After my disorientation phase (2014-2016), came an active critical phase (2016-2019), where I wrote my book Experimental Psychology & Human Agency and 3 related articles that illustrated the same problem: The over-reach and over-promising character of experimental psychology. The bait-and-switch of experimental psychology. My book (despite all its shortcomings and flaws) is, in my own view, full of life and energy. It is full of hope, playfulness, and critique. But after its publication, I went through a second period of disorientation. I lost my ability to transform my despair to playful (occasionally delightful) critique. I was disheartened again, especially because it had dawned on me that Psychology (due to its structure/identity as a self-preserving discipline) cannot and will not respond to my critique. The unresponsiveness of psychology to those issues was, after all, the foundation of my critique. Now I think that my conversion to heresy wasn’t yet completed. It was as if had “prayed” (a layer of prayer laying under my critique) to the gods of Psychology and I wanted them to respond and prove me wrong.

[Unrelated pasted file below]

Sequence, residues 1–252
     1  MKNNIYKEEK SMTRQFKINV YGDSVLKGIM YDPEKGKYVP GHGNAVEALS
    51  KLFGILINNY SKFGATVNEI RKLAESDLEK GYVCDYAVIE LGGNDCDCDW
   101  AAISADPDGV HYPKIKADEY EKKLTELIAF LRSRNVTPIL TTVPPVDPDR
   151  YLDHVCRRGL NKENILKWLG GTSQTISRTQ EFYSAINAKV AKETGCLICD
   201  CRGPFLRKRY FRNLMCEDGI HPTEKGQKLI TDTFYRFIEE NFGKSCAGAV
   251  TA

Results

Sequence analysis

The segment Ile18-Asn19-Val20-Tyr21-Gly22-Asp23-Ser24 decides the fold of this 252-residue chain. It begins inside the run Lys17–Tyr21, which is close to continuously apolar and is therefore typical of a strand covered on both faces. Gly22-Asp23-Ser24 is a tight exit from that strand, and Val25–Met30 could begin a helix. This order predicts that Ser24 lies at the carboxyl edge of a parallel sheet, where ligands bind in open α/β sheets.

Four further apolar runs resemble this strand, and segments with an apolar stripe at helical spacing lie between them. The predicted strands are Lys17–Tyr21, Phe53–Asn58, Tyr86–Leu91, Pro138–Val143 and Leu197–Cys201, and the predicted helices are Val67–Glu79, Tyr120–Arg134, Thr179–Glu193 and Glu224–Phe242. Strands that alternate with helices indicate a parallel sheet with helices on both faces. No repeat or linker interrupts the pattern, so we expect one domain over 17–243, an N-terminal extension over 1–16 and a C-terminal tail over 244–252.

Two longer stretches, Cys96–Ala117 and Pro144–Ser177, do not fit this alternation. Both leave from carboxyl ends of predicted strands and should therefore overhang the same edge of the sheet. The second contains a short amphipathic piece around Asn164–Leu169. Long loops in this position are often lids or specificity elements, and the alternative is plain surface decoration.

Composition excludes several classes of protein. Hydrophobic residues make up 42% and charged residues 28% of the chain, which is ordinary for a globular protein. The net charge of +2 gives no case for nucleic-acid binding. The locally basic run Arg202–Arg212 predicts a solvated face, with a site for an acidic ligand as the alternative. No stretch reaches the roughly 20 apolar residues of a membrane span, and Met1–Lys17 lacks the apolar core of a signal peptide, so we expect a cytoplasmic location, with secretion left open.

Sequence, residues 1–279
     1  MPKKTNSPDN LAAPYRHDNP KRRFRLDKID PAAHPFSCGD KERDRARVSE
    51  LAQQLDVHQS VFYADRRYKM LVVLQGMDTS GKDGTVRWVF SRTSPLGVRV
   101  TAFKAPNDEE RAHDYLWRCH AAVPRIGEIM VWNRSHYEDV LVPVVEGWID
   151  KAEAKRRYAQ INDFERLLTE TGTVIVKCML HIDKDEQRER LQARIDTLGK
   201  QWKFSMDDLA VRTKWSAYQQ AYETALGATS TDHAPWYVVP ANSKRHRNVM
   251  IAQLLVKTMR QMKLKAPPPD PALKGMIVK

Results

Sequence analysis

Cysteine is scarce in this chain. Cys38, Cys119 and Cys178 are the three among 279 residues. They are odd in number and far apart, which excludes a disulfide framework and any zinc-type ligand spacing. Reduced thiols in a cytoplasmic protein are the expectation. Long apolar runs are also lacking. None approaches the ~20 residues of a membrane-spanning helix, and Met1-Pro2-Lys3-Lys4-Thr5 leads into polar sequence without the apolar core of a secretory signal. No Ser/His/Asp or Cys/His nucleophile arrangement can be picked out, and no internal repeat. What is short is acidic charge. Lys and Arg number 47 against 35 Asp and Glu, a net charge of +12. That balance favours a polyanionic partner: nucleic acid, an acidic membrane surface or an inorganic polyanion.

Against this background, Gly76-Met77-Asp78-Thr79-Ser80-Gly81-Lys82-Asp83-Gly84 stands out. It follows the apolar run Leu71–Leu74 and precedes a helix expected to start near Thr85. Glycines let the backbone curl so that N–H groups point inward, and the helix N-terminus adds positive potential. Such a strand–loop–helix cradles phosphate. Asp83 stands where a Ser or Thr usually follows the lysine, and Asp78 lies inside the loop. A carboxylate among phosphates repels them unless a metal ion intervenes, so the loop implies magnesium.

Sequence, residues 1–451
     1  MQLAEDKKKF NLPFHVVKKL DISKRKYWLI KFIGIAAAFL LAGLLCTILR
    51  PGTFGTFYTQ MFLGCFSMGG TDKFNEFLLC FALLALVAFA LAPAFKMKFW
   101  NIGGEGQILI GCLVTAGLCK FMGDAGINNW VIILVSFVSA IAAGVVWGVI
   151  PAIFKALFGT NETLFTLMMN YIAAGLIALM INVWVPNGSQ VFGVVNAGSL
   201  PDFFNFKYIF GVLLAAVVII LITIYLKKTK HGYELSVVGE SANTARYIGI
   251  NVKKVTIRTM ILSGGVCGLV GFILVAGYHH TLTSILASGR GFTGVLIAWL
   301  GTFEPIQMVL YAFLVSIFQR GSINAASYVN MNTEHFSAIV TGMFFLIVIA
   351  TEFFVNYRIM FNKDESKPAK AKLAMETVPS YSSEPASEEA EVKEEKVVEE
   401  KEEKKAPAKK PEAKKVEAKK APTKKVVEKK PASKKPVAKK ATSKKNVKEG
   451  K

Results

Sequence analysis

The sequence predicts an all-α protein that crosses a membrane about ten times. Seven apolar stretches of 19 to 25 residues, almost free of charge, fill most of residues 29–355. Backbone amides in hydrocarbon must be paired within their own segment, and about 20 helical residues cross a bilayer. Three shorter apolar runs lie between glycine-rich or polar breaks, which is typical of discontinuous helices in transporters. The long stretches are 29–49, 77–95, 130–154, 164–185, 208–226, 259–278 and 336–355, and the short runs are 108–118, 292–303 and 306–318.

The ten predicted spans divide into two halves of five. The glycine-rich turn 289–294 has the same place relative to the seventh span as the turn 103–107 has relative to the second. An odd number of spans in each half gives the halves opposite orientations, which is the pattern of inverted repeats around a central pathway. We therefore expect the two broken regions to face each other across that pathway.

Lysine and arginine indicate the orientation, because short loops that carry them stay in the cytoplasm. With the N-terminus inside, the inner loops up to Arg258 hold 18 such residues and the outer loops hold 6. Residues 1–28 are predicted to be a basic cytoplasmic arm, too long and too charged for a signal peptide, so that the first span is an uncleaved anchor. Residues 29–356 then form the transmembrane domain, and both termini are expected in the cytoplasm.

I started seeing a few citations to my book, all of which took the distant and evasive form of “There may be problems here, which are beyond our present scope, but for a critical discussion, see Gozli (2019)…” (these came from a few friends and colleagues who decided not to completely ignore my project). Such distant references keep the critique at an arm’s length, preventing a real encounter, and re-affirm the position, authority, (empty) promise, and sufficiency of experimental psychology.